LINCOLN, Neb. -- Courts handed victories to gay-marriage opponents in two states Friday, reinstating Nebraska's voter-approved ban on same-sex marriage and throwing out an attempt to keep a proposed ban off the ballot in Tennessee.
In the Nebraska case, the 8th U.S. Circuit Court of Appeals overturned a judge's ruling last year that the ban was too broad and deprived gays and lesbians of participation in the political process, among other things.
It went further than similar bans in many states in that it also barred same-sex couples from many legal protections afforded to heterosexual couples. For example, the partners of gays and lesbians who work for the state are not entitled to share their health insurance and other benefits.
New York-based Lambda and the American Civil Liberties Union's Lesbian and Gay Project sued, arguing it violated gay rights.
The court, however, ruled that the amendment "and other laws limiting the state-recognized institution of marriage to heterosexual couples are rationally related to legitimate state interests and therefore do not violate the Constitution of the United States."
In Tennessee, the state Supreme Court dismissed a lawsuit by the ACLU that contended the state failed to meet its own notification requirements for a ballot measure asking voters to ban gay marriage. The high court ruled unanimously Friday that the ACLU didn't have standing to file the suit.
To have standing, plaintiffs must prove the timing of notification -- whether it was done properly or not -- somehow caused them injury, said James F. Blumstein, Vanderbilt University professor of constitutional law.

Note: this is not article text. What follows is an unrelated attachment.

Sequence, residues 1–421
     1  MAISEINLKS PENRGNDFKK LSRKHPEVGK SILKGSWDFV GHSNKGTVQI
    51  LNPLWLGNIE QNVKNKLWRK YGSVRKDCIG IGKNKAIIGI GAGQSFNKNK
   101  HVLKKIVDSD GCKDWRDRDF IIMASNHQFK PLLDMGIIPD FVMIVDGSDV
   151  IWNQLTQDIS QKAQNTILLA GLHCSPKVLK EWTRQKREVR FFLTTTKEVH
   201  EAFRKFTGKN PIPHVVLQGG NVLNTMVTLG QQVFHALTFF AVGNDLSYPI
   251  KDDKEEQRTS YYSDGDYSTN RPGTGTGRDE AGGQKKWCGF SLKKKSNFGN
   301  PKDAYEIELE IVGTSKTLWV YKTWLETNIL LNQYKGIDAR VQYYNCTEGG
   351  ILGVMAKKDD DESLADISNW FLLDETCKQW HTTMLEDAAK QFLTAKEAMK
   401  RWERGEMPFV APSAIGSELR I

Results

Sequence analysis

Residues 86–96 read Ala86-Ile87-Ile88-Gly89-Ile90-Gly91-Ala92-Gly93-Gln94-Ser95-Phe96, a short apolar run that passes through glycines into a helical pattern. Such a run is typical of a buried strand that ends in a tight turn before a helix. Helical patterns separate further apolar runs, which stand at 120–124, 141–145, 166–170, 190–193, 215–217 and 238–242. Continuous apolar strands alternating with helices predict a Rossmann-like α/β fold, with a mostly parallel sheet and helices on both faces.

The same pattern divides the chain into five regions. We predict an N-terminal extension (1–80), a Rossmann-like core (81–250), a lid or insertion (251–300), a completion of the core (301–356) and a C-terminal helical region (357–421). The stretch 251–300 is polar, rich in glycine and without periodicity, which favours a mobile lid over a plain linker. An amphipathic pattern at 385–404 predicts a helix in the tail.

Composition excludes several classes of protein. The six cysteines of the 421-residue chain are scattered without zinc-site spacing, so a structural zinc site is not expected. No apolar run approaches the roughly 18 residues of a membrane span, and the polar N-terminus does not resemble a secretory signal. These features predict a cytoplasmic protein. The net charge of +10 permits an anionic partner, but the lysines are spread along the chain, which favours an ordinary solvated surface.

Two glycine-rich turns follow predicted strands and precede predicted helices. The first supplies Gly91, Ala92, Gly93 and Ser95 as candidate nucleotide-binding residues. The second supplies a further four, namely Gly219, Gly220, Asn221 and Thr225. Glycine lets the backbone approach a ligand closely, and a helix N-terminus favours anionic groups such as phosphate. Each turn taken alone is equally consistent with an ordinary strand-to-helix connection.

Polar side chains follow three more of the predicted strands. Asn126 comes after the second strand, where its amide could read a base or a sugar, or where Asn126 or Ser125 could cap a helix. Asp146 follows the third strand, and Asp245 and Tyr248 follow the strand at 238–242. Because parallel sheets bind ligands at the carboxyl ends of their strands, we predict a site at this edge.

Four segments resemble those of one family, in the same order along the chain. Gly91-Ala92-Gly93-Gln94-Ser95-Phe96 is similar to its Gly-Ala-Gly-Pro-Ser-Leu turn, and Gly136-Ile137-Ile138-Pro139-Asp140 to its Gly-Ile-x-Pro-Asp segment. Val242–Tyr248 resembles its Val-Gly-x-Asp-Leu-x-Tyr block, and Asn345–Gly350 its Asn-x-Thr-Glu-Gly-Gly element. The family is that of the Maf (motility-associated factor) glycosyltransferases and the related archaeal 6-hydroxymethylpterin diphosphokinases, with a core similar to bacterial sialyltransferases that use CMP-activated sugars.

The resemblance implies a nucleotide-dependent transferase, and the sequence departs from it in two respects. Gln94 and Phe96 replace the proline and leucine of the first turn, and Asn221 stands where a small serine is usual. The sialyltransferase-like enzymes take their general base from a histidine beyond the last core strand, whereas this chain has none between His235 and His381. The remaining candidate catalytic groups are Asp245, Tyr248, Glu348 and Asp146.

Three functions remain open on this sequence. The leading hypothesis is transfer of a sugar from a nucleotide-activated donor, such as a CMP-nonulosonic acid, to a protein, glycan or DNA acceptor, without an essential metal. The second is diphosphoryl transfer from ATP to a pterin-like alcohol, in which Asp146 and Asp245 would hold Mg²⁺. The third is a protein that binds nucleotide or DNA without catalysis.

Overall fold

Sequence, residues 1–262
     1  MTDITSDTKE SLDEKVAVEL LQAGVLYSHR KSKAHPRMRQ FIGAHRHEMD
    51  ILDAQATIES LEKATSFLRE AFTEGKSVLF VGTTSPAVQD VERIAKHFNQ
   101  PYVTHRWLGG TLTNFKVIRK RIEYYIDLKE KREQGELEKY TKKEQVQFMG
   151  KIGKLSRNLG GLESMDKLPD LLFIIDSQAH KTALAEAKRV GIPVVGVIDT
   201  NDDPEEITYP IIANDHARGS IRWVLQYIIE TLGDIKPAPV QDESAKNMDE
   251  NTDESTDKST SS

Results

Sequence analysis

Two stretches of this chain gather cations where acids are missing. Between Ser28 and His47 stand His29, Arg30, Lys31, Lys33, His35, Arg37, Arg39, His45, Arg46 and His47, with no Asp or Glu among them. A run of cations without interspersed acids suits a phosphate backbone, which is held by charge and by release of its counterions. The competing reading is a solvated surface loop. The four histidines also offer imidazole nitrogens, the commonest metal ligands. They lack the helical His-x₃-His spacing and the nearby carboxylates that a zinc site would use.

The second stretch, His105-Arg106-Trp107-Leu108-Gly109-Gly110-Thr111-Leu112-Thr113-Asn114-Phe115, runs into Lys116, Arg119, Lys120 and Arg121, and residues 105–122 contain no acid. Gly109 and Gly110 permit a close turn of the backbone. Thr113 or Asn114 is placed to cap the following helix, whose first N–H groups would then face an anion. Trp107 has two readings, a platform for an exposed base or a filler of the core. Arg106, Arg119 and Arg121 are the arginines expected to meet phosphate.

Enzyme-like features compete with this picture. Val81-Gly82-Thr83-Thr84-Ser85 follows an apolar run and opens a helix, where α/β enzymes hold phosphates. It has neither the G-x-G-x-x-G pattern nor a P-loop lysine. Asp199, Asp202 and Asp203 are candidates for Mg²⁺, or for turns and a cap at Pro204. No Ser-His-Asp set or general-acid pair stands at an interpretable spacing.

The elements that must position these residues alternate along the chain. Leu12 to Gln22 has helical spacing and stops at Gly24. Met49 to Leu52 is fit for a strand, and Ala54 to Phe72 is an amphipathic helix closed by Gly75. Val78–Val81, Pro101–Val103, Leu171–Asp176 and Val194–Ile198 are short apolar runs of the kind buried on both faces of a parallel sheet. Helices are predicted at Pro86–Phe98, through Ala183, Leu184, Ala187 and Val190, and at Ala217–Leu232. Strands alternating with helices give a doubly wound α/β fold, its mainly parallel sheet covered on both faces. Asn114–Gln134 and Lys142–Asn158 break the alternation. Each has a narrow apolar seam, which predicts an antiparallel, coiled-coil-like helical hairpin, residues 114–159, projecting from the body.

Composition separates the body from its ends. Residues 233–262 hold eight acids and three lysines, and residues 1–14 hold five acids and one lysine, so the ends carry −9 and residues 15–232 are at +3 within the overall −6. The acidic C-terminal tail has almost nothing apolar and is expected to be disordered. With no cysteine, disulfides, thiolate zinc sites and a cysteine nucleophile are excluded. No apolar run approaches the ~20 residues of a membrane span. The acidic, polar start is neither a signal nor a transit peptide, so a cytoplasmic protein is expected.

"Courts do not hear abstract questions brought by people who do not have a particularized stake in the issue," he said.
Byron Babione, Alliance Defense Fund senior counsel who represented lawmakers hoping to keep the amendment on the ballot, said he believed the court's decision showed that no one would be able to prove they were injured by the timing of the notification.
Tennessee already has a law banning gay marriage, but lawmakers who supported the proposed amendment said they wanted a backup in case the law was overturned. Similar steps have been taken in many of the other 44 states that have specifically barred same-sex marriage through statute or constitutional amendment.
Only Massachusetts allows gay marriage, acquired through a ruling by the state's high court. Vermont and Connecticut allow same-sex civil unions that confer the same legal rights as heterosexual married couples.
But even in Massachusetts, lawmakers are trying to ban gay marriage, and the high court ruled this week that legislative efforts to put a ban on the state's 2008 ballot could move forward.
The top courts in two other states also dealt gay rights advocates setbacks last week: The New York court rejected a bid by same-sex couples to win marriage rights, and the Georgia court reinstated a constitutional amendment banning gay marriage there.
David Buckel, senior staff attorney at Lambda Legal, said Nebraska's ban is "the most extreme of all the anti-gay family laws in the nation," and his group is considering asking the appeals court to rehear the case.
He said the court ignored the claims raised in the lawsuit.
"We did not sue about marriage, we sued because our clients were told it was a waste of time to try to get a domestic partnership bill passed" in the Legislature, he said. "Yet the court is reasoning as if what we asked for was the right to marry."
Nebraska Atty. Gen. Jon Bruning countered that no one's freedom of expression or association was violated.
"Plaintiffs are free to petition state senators to place a constitutional amendment on the ballot," Bruning said. "Plaintiffs are similarly free to begin an initiative process to place a constitutional amendment on the ballot, just as supporters ... did."
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